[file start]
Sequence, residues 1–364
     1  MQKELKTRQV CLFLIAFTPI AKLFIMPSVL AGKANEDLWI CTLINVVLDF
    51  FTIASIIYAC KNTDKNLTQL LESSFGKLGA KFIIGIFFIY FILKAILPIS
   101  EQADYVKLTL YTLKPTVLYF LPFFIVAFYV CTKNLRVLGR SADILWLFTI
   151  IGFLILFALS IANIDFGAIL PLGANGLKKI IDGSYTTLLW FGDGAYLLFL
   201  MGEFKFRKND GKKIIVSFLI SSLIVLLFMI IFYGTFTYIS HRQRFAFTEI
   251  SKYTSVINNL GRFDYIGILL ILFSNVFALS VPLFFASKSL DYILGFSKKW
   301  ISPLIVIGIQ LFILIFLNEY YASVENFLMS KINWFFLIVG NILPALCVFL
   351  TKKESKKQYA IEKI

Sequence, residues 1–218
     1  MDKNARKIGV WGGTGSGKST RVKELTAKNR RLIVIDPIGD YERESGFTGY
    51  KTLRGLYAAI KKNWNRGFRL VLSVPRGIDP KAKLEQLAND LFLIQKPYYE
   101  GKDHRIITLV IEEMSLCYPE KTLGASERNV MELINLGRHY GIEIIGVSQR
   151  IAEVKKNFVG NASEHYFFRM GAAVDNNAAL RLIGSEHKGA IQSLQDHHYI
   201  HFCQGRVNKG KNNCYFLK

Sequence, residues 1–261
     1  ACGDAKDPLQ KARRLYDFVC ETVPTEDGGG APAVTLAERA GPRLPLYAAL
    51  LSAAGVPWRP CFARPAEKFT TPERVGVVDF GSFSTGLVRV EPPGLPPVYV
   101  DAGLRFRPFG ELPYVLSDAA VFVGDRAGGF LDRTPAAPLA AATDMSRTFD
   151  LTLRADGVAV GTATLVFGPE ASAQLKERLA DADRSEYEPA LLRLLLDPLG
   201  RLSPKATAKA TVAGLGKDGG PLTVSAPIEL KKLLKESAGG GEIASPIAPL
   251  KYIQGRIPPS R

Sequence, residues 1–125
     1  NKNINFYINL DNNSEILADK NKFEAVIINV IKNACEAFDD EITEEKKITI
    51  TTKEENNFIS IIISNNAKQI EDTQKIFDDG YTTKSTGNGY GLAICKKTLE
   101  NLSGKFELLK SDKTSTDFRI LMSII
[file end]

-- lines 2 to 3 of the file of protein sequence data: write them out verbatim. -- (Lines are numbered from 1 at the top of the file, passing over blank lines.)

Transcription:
     1  MQKELKTRQV CLFLIAFTPI AKLFIMPSVL AGKANEDLWI CTLINVVLDF
    51  FTIASIIYAC KNTDKNLTQL LESSFGKLGA KFIIGIFFIY FILKAILPIS